Saturday, July 28, 2012

Hotel (2004) dir. Jessica Hausner

Logline: Irene, a reserved young woman, takes a live-in job at a hotel in the German countryside and soon discovers that the girl who previously held her position disappeared suddenly without giving notice. While attempting to discover what happened to her predecessor, Irene encounters the quiet hostility of her co-workers, learns of the legend of a local witch who once lived in a cave, and finds herself drawn deeper into the woods...

Germany and Austria have had a spotty history with horror films. Though the German Expressionist movement gave birth to cinema's first great horrors (The Cabinet of Dr. Caligari (1920), The Golem (1920), Nosferatu (1922)), the country's horror film history has been colored since then by its sparsity. The Krimi films of the 1960s dabbled in the horrific (bloody murder committed by zany, perverse masked killers), but the 1970s featured an almost total lack of original German or Austrian productions. (Germany did, however, co-finance other European horrors, including several Italian gialli and more than a few of Jess Franco's films.) In the 1980s through the early 1990s, an underground gore movement began in Germany, resulting in fare like The Burning Moon (1982), Nekromantik (1987), and Violent Shit (1987). Since then, all has been quiet.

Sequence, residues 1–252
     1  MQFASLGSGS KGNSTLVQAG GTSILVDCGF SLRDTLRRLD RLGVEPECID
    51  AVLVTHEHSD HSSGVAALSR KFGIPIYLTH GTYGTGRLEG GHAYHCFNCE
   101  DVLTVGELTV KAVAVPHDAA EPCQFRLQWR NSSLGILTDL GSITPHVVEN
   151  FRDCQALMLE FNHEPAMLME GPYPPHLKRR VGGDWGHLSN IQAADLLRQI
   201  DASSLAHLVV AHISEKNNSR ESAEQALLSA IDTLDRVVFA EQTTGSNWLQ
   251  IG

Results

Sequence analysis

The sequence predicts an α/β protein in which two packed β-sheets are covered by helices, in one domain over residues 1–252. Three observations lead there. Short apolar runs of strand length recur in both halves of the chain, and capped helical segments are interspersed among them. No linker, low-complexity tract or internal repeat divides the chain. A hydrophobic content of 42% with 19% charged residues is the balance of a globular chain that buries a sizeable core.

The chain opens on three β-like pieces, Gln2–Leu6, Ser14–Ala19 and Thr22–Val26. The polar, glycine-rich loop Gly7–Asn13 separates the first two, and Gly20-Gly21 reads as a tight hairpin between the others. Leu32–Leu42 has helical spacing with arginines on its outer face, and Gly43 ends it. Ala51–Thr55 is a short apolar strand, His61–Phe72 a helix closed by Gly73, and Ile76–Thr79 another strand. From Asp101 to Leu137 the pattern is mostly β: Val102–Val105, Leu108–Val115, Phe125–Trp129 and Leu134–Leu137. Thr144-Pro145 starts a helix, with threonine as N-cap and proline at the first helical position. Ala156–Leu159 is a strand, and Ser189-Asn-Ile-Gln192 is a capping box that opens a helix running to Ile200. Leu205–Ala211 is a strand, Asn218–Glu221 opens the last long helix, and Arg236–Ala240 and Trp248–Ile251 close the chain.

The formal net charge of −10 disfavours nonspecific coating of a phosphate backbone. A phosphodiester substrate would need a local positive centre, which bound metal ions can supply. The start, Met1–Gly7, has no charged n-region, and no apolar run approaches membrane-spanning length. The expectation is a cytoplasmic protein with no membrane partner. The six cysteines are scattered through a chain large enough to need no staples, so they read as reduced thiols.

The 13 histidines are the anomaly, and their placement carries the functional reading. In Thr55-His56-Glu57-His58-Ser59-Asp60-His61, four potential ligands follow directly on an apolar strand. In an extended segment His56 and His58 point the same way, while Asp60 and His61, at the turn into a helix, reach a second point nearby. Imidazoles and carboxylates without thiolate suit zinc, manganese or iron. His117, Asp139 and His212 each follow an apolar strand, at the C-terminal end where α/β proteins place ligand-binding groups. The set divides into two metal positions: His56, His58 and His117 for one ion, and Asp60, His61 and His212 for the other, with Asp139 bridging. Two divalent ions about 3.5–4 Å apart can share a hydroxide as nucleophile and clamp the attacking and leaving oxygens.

The exception is Jessica Hausner's Hotel, an exquisite, subtly menacing film that--lacking a cinematic heritage--finds its roots in a different art form with a long tradition in Germanic cultural history: the fairytale. The fairytale influence is understated but always present. Here we have, at its simplest (which is not to call the film itself simple), a cautionary tale about an innocent seduced by evil temptations and gobbled up for her transgressions. We have the folksy rural setting, a witch living in the forest, and a lucky pendant that (the film strongly implies) provides physical protection. Some of the fairytale symbolism is overt: Irene, decked out in her red hotel uniform and sporting the missing employee's red-framed eyeglasses, looks as if she's on the way to Grandmother's house, while her new, local lover--smiling widely and lasciviously as they ride the elevator to her room for some late night rule-breaking--has some awfully big teeth. Irene is repeatedly drawn to the forest, despite its dangers, outside of the cold, sterilized modern protection of the hotel (dangerous in its own way, perhaps), her curiosity leading her to an inevitable end. We receive the sense that the forest and its purported witch have a long tradition of swallowing up fallen innocents (Irene discovers the name of the missing hotel employee, along with the names of several other young women and their lovers, carved into the bark of a tree outside the witch's cave), and that Irene could not put a stop to her metamorphosis into this fairytale archetype even if she desired to-- which, of course, we're not sure she does.